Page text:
Finance Minister Arun Jaitley, in his Budget speech, has proposed extending the Direct Benefit Transfer (DBT) model in LPG to fertilisers, by introducing it on a “pilot basis…in a few districts across the country”.
Before analysing its feasibility, one must highlight two major reasons for DBT’s success in LPG (since November 2014, when it was re-launched under the current government’s Pahal scheme, about Rs 29,600 crore of subsidy has been transferred to 15.2 crore beneficiaries).
Firstly, the number of subsidised cylinders a household is entitled to under Pahal is capped at 12 per year. While households buy at the non-subsidised ‘market’ price and have the subsidy transferred to their bank account (linked to both Aadhaar and LPG customer number) within three days, there is no transfer after the 12th cylinder has been purchased.
Secondly, both the subsidised price (currently Rs 419.33/cylinder in Delhi) and so-called market price (now Rs 513.50) are determined by the Centre. Since there is only one market price at a given time, the subsidy, too, is uniform.
The combination of both — a fixed subsidy at any point and not more than 12 transfers per connection per year — makes DBT in LPG relatively easy to implement.
In fertilisers, the maximum retail price (MRP) for urea is subsidised ‘at source’ and fixed by the Centre at Rs 5,360 per tonne or Rs 268 per 50-kg bag. The MRPs for other fertilisers are technically decontrolled. Companies, however, are expected to fix these at ‘reasonable’ levels in return for being paid a fixed per-tonne subsidy.
The MRP of di-ammonium phosphate (DAP), for example, now ranges between Rs 23,000 to Rs 25,000 per tonne, while ruling at Rs 15,000-15,500/tonne for muriate of potash (MOP). The subsidy on both ‘decontrolled’ fertilisers (Rs 12,350 for DAP and Rs 9,300 for MOP) as well as on urea (which varies depending on assessed production costs for each plant) is paid to companies.
Under DBT, the subsidy would be delivered directly to the bank accounts of farmers. The practical feasibility of making such transfers per se has been demonstrated in Uttar Pradesh, where the state government has created an online database of over 40 lakh farmers, each assigned a unique ‘Kisan ID’ identifying their village, land particulars, bank account and mobile numbers. This DBT portal was used to transfer Rs 140 crore of subsidy on seeds into the accounts of some nine lakh farmers during the recent rabi season.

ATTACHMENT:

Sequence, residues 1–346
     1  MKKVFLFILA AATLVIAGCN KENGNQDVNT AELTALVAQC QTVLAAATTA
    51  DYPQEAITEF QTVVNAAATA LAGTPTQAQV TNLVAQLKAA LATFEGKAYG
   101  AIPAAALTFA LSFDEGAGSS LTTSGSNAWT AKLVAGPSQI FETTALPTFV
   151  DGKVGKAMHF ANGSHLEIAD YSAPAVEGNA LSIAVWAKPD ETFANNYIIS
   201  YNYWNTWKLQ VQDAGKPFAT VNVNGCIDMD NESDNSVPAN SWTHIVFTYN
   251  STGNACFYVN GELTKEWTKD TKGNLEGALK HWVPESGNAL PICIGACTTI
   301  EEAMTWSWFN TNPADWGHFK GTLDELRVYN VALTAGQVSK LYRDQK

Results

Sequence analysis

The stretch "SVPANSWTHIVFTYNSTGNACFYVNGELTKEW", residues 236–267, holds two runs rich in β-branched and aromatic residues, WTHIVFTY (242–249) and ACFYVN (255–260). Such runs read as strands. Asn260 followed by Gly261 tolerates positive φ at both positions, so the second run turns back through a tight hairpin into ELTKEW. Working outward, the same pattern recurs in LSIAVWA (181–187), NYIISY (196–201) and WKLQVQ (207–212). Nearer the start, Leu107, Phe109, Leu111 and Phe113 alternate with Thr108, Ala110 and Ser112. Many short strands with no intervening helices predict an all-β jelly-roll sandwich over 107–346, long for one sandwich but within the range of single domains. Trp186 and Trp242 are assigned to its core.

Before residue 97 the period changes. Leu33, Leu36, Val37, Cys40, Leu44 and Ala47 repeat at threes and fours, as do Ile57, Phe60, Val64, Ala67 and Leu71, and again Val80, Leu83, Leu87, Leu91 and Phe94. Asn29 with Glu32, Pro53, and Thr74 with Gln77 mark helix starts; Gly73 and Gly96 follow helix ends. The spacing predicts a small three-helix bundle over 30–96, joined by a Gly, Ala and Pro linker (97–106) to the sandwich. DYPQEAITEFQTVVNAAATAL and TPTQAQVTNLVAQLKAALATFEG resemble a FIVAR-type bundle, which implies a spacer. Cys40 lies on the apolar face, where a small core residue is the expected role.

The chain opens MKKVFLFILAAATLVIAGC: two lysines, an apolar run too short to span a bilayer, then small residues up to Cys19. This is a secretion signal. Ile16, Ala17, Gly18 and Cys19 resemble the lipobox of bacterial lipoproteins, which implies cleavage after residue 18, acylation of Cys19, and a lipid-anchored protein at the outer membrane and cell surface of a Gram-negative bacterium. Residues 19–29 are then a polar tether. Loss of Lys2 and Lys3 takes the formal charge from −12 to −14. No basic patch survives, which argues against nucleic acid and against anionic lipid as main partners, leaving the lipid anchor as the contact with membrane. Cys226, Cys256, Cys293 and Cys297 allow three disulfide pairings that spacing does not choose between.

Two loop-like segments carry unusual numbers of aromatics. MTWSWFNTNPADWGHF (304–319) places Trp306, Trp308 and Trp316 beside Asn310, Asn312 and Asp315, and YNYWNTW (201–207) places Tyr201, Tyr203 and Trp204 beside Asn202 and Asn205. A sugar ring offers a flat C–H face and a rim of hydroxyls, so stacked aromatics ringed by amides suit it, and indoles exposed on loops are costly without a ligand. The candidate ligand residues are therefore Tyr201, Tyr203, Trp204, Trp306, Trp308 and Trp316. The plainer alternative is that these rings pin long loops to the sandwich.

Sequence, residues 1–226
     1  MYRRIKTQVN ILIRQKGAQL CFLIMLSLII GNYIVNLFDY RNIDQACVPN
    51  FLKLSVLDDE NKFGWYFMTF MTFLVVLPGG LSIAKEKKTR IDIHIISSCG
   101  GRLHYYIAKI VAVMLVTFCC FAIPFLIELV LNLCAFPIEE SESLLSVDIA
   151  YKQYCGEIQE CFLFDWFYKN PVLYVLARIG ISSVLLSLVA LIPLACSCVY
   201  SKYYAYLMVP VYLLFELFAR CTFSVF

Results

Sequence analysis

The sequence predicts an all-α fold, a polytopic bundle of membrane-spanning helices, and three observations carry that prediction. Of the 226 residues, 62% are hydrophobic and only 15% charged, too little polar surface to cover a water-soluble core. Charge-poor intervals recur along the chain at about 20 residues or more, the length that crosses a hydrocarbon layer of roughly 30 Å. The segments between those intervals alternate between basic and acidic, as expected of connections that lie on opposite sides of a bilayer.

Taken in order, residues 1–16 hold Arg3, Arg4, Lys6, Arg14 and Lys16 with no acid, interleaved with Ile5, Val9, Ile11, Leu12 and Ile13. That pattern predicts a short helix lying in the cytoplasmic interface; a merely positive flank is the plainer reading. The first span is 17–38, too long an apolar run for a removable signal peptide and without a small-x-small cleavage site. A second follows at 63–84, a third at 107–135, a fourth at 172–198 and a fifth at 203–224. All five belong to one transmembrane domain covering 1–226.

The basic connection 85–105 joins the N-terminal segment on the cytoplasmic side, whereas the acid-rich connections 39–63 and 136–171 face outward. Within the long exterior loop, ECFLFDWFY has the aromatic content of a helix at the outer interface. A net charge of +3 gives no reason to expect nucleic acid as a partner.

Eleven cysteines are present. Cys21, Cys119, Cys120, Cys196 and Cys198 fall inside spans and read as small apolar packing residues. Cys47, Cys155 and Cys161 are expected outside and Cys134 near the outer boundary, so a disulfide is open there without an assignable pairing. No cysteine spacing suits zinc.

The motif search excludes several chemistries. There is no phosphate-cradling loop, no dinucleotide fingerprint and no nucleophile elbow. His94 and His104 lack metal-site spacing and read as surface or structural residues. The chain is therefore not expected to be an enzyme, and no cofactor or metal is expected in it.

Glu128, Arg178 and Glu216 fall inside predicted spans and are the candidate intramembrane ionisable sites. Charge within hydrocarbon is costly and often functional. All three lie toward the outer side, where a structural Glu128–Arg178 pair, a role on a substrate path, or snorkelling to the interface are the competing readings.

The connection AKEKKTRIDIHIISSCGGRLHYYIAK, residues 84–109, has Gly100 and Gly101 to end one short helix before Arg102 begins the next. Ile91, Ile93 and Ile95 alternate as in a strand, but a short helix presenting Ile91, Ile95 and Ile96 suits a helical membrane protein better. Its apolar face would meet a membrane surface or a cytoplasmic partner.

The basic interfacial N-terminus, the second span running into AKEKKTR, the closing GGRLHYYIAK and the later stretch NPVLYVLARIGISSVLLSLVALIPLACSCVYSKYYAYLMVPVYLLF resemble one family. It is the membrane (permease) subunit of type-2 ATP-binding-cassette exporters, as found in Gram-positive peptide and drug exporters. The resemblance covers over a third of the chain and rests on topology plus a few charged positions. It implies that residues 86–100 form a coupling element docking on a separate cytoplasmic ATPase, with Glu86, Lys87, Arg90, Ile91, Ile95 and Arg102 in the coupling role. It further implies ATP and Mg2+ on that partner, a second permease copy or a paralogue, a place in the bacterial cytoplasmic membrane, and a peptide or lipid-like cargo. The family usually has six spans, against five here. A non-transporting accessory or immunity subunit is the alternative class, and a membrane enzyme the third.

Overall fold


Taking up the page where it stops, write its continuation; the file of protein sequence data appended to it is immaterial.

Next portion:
But replicating the DBT model in fertilisers requires more than just a robust system of identification for eliminating fictitious/duplicate beneficiaries. This would mean, firstly, capping the number of bags on which the subsidy is payable, based on a reasonable assessment of requirement. That, in turn, would depend on the specific fertiliser as well as the crop and location where it is grown – making it more complicated than the straight ‘one product-12 cylinders’ formula in DBT for LPG.
Thus, the per acre fertiliser requirement in wheat and paddy may be two bags of urea, one bag of DAP and half a bag of MOP. But for potato, this could be 2 bags each of urea and DAP, and one bag of MOP. The annual requirement for a wheat-paddy farmer in Punjab would, then, be 4 bags of urea, two bags of DAP and one bag MOP per acre. If the subsidy is limited to five acres — as the UP government has done for seeds — the farmer’s total entitlement comes to 20 bags of urea, 10 bags of DAP and 5 bags of MOP.
Implementing the Pahal-DBT model in fertiliser will also require arriving at indicative non-subsidised market rates, linked to international prices. At current per-tonne landed costs of $ 225 for urea, $ 400 for DAP and $ 270 for MOP – and adding 5 per cent import duty and average domestic handling-cum-distribution costs of Rs 3,000 – the corresponding per-bag prices would be roughly Rs 950, Rs 1,575 and Rs 1,110 respectively. The total annual outlay for a paddy-wheat farmer, based on the above rates and bag requirements, would work out to around Rs 40,300 over five acres.
Even if this outlay is spread over two seasons, the issue of upfront payment here is far more serious than in LPG cylinders. Not all farmers can pay Rs 20,000 now and wait for the subsidy to be credited to their bank accounts.
Moreover, as the accompanying table shows, global fertiliser prices — based on which the indicative market rates are to be fixed — are currently low. In the event of prices hardening, the problem of upfront payment becomes even more challenging.
This is where a proposal by Amit Mohan Prasad, principal secretary (agriculture) in UP government, may be worth considering. In a recent article for The Indian Express (http://goo.gl/DkR45h), he has made a case for issuing Kisan Subsidy Cards to be used solely for making upfront payments on subsidised inputs like fertiliser and seed.
Such payments would be allowed only through custom-made swipe machines at fertiliser/seed stores, with the card
getting ‘recharged’ when the subsidy from the government is transferred into the farmer’s bank account. Prasad has further suggested that the payment limit per card be set within the maximum borrowing limit of Rs 3 lakh on Kisan credit cards that banks are already issuing.